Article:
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A gadget to suck food out of your stomach, and 5 other lazy weight loss strategies
07 January 2013 03:14 PM
Wouldn't January be easier if, instead of cutting out unhealthy food and jogging, dieters could employ a gadget to suck away that Christmas fat? Well that's what Dean Kamen is thinking. Mr Kamen, inventor of the Segway, has applied to patent a pump that can suck food and drink straight out of the stomach, allowing users to eat to their heart's content - then drain everything away through a valve surgically installed into their abdominal wall. Innovative or what? Still, if that seems a little OTT (and the tool is designed for the morbidly obese), here are other ways to lose the flab without breaking too much sweat.
Go to bed when it's dark
Researchers at Ohio State University discovered that mice exposed to light at night weighed 10 per cent more than their peers after an eight-week study, despite the fact that both overlit and normally-lit mice ate the same food and did the same amount of exercise. Several studies confirm that the effect isn't limited to mice; people working late night shifts also get fatter.
A number of Harley Street clinics promise to retrain your brain so that it enjoys going to the gym and eating healthy food. Lily Allen tried one out in 2007, saying: "After the hypnotism, I want to go to the gym every day, otherwise I feel really bad". Spooky.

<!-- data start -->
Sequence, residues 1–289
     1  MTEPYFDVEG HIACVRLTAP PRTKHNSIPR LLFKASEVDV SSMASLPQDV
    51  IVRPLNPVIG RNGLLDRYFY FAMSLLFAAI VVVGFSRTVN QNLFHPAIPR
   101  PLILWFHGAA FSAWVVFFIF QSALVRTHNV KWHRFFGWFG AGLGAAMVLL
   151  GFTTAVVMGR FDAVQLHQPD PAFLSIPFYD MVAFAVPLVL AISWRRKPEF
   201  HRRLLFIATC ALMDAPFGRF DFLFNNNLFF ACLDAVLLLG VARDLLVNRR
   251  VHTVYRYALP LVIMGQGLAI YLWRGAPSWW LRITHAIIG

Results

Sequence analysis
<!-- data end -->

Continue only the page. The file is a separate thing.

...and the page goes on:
All users have to do is stand on this device (which resembles a wheel-less Segway) and vibrations cause muscles to contract and relax, giving the body a quick and powerful workout. These have been described as the "microwaves of fitness": short, ferocious, and
inevitably fattening comparatively cheap, at around £199. Plus, you can imagine Madonna doing the same thing - she started the Power Plate bandwagon rolling back in 2007.
Anna Wintour wouldn't be seen dead in a pair of these, but what's worse - shoes with a rounded sole or bellies with the same convex design? This footwear forces wearers' feet into a rolling heel-toe motion, promoting higher calorie burn than straightforward walking and improving the posture.
Turn down the thermostat
Homes in the US and UK have been getting warmer over the last three decades, and researchers think this might be causing weight gain. Simona Bo of the University of Turin surveyed 1,500 middle aged adults over a period of six years and found that those whose homes were in the top third for temperature were twice as likely to be obese. This isn't coincidence; a temperature below 18°C causes the body to burn "brown fat" to stay warm. Though effects might be marginal, if you are slobbing on the couch, it's worth dropping the thermostat.